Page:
Port-Au-Prince Damage after Earthquake

Stories of Earthquake Survival: Part 4

When we talk about earthquake preparedness, often we discuss strategies for escaping the immediate danger of the disaster, and surviving the aftershocks. We advise that you prepare for two weeks of self-sufficiency by constructing or purchasing a two-week kit for your household, and creating an emergency plan to go along with it.

But always, always, the impacts of disastrous earthquakes last much further into the future than we can possibly foresee. The 2010 earthquake in Haiti is one example of this. Approximately 100,000 children were orphaned by this devastating 7.0 magnitude earthquake, and 220,000 people were killed. But in the midst of all of this sadness and catastrophe, stories of survival are like beacons of hope—stories like Kiki’s.

Kiki is an 8-year-old boy who lived in Port-Au-Prince and on January 12, 2010, he was buried beneath the rubble of his parents’ apartment, along with four of his siblings. He was buried for 8 days, and thought he would surely die.

When a neighbor heard his faint cry more than a week later, he was finally rescued by two firefighters, along with his 11-year-old sister Sabrina. Sadly, his three other siblings did not survive, so the victory was bittersweet.

Still, his parents chose to focus on the positive. As they continue to mourn the children they lost—along with so many other people who lost loved ones in the disaster—they are also filled with gratitude that Kiki and Sabrina survived. “It was a miracle,” said Kiki’s father. “God didn’t want us to lose all of our children.”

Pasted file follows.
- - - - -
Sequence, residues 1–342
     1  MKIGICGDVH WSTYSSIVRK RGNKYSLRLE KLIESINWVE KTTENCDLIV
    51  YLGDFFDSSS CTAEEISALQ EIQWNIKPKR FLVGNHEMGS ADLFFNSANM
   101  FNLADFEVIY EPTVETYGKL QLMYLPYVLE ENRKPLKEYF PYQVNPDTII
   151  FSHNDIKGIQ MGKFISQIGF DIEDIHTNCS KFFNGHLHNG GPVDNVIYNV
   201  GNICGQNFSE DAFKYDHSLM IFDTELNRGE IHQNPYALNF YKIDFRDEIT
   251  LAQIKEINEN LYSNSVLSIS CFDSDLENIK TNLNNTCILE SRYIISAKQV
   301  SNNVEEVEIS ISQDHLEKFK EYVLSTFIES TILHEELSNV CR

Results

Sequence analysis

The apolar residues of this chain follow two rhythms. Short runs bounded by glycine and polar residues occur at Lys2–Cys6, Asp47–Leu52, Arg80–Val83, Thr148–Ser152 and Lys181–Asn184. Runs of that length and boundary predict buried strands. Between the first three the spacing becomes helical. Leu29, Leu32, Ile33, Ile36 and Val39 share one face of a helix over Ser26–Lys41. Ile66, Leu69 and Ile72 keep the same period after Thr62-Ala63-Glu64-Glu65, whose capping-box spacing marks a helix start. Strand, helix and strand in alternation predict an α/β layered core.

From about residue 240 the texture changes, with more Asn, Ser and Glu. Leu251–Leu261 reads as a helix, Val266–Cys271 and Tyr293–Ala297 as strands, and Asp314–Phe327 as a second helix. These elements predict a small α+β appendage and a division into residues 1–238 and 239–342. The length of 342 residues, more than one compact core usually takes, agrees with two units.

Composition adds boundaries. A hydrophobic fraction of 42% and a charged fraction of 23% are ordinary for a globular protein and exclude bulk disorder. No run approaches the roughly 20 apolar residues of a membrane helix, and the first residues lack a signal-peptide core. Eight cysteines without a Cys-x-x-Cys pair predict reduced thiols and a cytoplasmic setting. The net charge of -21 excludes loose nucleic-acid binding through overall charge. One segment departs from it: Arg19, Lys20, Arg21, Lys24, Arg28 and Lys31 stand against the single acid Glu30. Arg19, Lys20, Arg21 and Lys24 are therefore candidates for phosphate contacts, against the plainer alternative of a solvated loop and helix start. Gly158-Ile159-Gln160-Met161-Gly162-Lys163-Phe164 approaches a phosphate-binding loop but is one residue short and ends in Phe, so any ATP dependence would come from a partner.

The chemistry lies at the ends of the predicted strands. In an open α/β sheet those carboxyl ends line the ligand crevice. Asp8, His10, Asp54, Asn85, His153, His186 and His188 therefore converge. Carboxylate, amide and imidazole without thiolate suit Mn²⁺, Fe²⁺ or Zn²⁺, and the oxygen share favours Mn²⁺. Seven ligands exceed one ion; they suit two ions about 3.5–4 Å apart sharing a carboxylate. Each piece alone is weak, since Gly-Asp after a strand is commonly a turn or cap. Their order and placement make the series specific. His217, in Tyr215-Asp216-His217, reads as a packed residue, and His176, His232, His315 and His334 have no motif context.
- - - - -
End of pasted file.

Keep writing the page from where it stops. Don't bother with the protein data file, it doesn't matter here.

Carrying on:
As Haiti continues to dig itself out of the rubble, Kiki is beginning to open up a little more about his hopes of becoming a mechanic or an engineer in the future, and maybe even helping rebuild his shattered country. It’s only with great resilience that families like Kiki’s are able to heal and re-establish their lives. Our thoughts and prayers continue to be with all individuals and families whose lives have been changed by earthquakes and other natural disasters.

For the full story on Kiki—in Reader’s Digest—see here.

 -Article contributed by Sophie Wooding – Avid gardener and cyclist in Victoria, BC and Content Writer for Frontier.io

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